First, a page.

#Happy New Year… Jan 3, 2014 – 30 Years Ago Sam Todd’s Disappearance was Real.

Posted by on Jan 3, 2014 in BLOG | 0 comments

#Happy New Year… Jan 3, 2014 – 30 Years Ago Sam Todd’s Disappearance was Real.
255 Canal Street - the Loft was on the 5th Floor

255 Canal Street – the Loft was on the 5th Floor

Now there was an eerie feeling in the loft.  We left the door open that night and the downstairs door ajar, just in case, waiting for Sam like we were waiting for Elijah. It was a Tuesday and when we  woke up in the morning hoping Sam would have snuck in and curled up under a blanket. It was with hollow disappointment that we looked at our empty couches, made coffee, dressed for work, made our way uptown, left the door open, just in case.

At night, when I got home from the Pilates studio and dance classes, we would scour the streets again. Walking on frozen sidewalks, calling Sam’s name–the desperation in our voices pitched with anguish. Despair. The colder it got the more serious it got, so we began to develop theories. A report written by Yale Divinity student, Paul Keane in 2011, divulges those theories and presents them fully formed.  We were just playing around with those theories in those early days, creating intellectual exercises to keep away the cold truth as we walked cold streets. One of the loftmates had a friend who disappeared a few years earlier and had showed up that fall–he had gone to India and studied with a guru or something, become an aesthete, returned to NYC and showed up at one of the loft parties. Drank for the first time in  three years and passed out in a corner. When he woke up the next afternoon he peered our of his corner and said, “How do I get to Grand Central from here?”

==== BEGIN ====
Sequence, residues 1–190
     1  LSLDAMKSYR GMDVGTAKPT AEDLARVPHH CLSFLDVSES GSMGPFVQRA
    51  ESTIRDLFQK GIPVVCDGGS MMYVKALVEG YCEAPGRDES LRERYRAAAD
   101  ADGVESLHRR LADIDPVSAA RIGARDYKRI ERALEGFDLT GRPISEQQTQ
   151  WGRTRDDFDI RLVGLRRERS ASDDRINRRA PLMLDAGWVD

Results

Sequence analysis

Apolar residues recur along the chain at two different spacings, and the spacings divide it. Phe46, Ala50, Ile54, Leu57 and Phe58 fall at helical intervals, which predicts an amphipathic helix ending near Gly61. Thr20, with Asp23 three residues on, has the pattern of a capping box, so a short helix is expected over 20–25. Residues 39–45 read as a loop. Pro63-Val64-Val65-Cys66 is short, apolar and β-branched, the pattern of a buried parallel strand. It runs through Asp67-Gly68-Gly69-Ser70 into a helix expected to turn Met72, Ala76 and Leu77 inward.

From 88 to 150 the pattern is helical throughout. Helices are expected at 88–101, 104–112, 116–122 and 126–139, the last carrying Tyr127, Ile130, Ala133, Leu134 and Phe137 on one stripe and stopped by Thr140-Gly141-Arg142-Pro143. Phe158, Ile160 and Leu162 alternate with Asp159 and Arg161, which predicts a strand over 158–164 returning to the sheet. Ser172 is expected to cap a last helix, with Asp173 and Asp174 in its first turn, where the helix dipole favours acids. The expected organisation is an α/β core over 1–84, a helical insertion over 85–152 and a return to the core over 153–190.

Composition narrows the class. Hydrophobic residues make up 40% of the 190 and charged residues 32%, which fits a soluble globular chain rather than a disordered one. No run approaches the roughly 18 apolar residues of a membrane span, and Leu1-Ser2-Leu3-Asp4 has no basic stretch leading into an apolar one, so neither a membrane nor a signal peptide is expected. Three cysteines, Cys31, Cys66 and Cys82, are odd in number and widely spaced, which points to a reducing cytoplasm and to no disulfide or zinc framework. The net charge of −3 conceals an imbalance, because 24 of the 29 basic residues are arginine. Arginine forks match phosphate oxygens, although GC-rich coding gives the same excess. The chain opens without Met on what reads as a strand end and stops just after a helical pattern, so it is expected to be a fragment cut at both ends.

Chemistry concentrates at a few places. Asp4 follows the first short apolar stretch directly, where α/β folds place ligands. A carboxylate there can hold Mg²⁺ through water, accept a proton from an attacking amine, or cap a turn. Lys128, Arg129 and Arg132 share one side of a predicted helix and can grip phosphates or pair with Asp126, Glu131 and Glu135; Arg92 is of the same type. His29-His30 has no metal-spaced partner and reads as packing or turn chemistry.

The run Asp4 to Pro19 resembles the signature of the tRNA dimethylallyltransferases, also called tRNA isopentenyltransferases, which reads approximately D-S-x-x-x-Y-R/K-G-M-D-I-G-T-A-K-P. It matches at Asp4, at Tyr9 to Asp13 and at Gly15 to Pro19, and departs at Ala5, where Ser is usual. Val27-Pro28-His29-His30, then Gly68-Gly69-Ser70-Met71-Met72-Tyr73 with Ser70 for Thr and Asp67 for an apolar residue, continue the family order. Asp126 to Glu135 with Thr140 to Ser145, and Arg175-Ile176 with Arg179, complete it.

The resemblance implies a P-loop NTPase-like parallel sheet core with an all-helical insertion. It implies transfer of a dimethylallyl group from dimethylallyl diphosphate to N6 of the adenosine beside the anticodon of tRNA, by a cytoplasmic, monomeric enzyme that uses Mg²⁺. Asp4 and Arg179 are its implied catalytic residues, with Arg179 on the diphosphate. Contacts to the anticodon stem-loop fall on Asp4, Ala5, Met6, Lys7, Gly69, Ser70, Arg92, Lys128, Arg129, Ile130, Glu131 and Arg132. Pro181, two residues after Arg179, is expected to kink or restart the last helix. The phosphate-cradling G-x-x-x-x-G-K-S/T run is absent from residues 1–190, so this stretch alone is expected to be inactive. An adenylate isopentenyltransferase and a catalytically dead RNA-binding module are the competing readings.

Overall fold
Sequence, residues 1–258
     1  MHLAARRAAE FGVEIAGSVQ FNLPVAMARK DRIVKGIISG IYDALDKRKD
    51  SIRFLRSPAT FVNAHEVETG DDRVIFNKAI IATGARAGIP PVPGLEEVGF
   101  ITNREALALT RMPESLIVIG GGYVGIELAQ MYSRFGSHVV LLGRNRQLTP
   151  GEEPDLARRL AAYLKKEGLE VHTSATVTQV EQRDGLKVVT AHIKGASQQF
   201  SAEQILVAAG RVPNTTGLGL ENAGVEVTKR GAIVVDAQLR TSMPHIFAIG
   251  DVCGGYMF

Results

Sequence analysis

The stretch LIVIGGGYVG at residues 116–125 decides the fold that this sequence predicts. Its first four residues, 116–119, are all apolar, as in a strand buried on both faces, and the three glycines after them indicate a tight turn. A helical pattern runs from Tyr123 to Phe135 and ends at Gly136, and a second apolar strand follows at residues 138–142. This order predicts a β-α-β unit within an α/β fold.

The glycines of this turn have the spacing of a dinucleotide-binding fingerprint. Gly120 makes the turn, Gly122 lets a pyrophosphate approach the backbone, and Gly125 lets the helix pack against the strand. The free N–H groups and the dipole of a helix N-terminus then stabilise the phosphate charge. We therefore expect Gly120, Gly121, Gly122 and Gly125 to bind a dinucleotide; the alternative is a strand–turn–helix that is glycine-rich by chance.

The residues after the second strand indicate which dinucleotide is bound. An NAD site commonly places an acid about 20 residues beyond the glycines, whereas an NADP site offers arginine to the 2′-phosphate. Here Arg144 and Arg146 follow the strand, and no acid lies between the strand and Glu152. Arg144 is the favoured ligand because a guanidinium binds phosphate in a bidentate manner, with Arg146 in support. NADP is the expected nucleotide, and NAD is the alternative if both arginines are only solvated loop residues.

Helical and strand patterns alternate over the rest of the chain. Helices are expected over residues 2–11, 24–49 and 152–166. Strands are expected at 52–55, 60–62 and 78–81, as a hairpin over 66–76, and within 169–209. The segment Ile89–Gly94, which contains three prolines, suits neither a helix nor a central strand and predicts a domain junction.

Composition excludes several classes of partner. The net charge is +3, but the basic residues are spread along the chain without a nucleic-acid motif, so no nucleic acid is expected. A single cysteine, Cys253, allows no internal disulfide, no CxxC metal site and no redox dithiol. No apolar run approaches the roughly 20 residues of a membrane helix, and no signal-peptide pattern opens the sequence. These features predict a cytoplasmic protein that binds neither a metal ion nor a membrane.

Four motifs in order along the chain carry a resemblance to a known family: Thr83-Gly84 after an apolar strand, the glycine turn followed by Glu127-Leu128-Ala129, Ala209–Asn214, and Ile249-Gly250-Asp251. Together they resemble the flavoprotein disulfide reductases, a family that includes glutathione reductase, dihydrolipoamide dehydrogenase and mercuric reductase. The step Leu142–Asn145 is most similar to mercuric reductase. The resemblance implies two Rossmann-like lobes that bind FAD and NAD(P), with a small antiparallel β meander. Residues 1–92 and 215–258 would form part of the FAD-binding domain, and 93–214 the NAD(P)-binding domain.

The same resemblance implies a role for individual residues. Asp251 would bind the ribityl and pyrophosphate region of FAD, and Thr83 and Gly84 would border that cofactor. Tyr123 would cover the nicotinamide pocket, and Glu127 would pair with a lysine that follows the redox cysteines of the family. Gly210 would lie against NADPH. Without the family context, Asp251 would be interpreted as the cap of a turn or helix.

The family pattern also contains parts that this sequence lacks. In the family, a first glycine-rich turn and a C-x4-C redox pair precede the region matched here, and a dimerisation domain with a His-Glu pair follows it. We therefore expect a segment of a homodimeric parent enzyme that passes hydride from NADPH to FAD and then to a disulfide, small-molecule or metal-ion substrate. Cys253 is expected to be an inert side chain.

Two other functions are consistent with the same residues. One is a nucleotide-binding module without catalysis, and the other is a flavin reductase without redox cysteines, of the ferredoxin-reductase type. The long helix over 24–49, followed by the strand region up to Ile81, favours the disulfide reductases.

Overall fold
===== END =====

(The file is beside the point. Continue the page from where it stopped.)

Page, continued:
“You have to get downstairs first.” It was one of those stories from the loft that we loved to remember, and of course we had hoped that Sam had woken in someone else’s corner, but as that was less likely maybe he had now gone to India? Maybe he had decided to live with the homeless? Maybe…. We tried on theories like clothes and dressed in as many of them per day as I made costume changes. The ugly truth when someone disappears is that people begin to pick through the bones of that person’s life and dissect every bit of it, so something that may not have been important because it is the last conversation, the last dance, the last class becomes a clue. The human mind loves a mystery but it prefers the game of a mystery that is solvable — the unsolvable drive us mad.

My madness was just beginning. Sam Todd was not the first person in my young life to disappear. When I was 15, a friend of mine in high school, disappeared outside the Pontiac Silver Dome in Michigan, the night of The Who concert. It was January. His girlfriend was in my creative writing class.  In February his body was found in a nearby lake. He had been murdered…

 

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